I have often witnessed teams getting themselves into trouble by focusing more on activity than value. Many people, especially those lost in the middle of a formal hierarchy, are appeased by people doing stuff, it almost doesn’t matter what the team are doing as long as they are busy. It is back to that old attendance over performance metric.
Teams being busy and working hard is only a problem if the alignment of what they are working on cannot be directly drawn to the problem. It is normally the case that their activity can be traced to a request to do something, but tracing to a level deeper – to the underlying problem, is where issues arise. To make things harder, the consequence of the discrepancy between problem and activity isn’t seen until late, when users expect something to change and the new stuff brings the usual change management but fails to solve the original problem.
There is still too much focus on WHAT over WHY. I support the concept that when writing user stories we should start with the “So that…” to force the point but that assumes that the stories even have that line at the end though.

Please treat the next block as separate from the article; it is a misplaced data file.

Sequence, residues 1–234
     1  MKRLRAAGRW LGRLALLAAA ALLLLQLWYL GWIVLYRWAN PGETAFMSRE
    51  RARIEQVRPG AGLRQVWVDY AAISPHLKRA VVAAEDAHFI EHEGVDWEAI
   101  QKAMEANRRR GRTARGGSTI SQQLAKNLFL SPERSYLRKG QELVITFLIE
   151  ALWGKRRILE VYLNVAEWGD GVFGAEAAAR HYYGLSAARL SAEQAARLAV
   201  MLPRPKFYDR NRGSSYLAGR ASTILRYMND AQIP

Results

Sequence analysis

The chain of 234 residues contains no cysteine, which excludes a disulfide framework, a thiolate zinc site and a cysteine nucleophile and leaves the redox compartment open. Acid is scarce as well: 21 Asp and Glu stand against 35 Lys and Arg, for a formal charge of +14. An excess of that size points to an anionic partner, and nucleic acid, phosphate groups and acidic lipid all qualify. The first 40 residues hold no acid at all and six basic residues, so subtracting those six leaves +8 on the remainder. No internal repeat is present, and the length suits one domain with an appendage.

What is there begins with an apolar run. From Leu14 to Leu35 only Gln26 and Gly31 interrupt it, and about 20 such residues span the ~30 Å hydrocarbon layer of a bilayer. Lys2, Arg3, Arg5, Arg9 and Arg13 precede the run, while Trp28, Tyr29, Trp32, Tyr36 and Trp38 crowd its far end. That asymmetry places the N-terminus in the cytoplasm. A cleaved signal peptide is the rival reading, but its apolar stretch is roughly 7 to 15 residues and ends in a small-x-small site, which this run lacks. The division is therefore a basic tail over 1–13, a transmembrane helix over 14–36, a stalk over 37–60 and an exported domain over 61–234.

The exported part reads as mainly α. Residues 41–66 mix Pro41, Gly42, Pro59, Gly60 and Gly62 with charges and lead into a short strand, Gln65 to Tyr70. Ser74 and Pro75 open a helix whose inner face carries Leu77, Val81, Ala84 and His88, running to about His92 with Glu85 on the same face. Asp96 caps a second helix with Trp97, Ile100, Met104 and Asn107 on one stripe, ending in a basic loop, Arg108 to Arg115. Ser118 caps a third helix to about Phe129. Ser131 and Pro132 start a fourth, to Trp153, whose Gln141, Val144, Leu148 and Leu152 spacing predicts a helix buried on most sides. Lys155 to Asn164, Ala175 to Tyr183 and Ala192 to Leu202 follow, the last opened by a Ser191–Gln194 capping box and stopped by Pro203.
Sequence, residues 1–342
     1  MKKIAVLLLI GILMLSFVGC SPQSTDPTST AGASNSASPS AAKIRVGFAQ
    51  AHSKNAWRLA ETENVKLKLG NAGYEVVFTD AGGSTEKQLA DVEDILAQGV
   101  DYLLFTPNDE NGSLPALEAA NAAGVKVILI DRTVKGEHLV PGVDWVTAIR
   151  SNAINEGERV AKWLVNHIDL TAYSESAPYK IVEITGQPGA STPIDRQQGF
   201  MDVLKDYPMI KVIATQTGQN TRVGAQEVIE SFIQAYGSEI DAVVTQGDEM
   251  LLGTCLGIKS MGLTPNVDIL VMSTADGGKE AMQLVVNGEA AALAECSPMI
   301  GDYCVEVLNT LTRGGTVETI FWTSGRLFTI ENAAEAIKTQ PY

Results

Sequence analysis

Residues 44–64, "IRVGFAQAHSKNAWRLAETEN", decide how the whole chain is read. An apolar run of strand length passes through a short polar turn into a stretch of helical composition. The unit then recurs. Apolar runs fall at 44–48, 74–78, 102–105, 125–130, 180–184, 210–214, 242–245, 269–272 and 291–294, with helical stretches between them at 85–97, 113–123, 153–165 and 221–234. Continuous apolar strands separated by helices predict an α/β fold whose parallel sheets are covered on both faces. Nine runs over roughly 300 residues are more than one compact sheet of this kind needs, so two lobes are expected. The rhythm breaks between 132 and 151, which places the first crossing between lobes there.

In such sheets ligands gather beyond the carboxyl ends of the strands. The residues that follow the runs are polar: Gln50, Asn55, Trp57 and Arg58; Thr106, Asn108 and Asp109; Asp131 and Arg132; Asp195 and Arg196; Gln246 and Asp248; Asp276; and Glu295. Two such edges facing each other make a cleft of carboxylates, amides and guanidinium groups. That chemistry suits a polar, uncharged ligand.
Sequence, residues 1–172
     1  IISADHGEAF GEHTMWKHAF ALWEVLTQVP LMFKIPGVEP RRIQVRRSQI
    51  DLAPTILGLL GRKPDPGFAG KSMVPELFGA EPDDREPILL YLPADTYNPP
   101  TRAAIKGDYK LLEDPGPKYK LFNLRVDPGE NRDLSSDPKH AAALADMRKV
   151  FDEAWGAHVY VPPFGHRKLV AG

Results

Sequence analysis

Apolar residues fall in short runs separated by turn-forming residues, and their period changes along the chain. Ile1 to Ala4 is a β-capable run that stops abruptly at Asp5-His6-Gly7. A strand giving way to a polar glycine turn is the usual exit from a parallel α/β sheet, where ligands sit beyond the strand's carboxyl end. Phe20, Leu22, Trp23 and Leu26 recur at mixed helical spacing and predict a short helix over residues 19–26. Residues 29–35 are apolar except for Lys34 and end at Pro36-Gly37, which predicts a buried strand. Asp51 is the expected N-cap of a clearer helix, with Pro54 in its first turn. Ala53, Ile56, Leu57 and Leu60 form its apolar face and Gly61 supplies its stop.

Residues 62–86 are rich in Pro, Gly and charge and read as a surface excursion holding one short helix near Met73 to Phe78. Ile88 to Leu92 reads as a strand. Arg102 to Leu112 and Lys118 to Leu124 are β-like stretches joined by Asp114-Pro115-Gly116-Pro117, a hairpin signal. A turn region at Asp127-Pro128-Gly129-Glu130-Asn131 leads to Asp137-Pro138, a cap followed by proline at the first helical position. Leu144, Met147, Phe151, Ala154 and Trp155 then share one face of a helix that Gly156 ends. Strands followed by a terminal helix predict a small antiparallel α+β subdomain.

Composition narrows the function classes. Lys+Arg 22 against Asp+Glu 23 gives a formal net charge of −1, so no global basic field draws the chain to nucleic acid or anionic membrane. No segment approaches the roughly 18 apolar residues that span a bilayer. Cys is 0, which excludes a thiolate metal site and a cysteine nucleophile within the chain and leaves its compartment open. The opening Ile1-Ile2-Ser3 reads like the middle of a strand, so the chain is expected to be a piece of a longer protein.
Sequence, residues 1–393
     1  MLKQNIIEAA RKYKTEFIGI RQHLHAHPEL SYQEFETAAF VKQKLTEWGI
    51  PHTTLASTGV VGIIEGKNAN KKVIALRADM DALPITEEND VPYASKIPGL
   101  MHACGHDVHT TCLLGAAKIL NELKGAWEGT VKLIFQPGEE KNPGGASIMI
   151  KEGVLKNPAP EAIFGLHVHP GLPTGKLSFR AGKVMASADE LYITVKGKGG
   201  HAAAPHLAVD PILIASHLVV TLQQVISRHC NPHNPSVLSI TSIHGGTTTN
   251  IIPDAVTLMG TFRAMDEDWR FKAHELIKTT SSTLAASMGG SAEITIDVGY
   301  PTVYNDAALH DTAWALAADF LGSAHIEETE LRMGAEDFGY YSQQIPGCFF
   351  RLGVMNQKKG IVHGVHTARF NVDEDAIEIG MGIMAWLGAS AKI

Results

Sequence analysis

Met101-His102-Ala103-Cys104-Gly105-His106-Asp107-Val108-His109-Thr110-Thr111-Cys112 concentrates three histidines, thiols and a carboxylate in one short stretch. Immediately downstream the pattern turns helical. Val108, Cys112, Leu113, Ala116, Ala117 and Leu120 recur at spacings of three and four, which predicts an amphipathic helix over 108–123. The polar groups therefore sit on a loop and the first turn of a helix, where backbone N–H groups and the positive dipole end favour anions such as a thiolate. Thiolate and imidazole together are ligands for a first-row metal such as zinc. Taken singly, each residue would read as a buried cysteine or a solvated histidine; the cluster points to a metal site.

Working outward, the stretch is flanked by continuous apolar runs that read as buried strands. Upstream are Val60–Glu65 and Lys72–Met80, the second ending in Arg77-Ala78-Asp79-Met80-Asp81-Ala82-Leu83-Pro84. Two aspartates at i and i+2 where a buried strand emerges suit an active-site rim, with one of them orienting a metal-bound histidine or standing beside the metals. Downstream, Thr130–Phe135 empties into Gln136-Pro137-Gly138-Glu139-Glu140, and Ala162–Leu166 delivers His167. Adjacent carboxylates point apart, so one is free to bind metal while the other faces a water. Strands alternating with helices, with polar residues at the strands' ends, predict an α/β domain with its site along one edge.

I suggest starting each sprint planning or backlog refinement or coaching engagement or frankly anything, with this simple mantra:
What is the problem we are trying to solve, how are we measuring it, and by that measure what is our definition of success?
The first answer to the “WHY” question often solicits a rephrasing of the deliverable. “I want a widget so that I have a widget”, yes ok, but WHY do you want the widget? What does the widget enable? What does it give you that you don’t currently have? Who actually benefits from this widget? Why is the budget holder going to pay the team for the widget? You really have to get to the heart of the problem and this can be a difficult conversation – because – and this is the scary part – the people responsible for delivering the project haven’t fully understood the problem, and highlighting this after the problem has started can be uncomfortable for some as it could be seen to reflect poorly on the project leaders. It can be the case that projects continue blindly just to save face.
The way in which backlogs are usually described is a cascade of big deliverables to solve problems called “Epics” that are broken down into associated stories. Many teams have lots of stories but have lost the association to the parent Epic – to the purpose. This leaves lots of activity, lots of well meaning work but a massive risk that the work lacks direction and will not deliver the value that the effort deserves.
Slow down, be problem centric, not solution centric. This will help align to principle 10 of the manifesto, “Simplicity – the art of maximising the art of work not done – is essential”. If you just focus on solving the problem rather than delivering the widget – you might find you can deliver a smaller widget!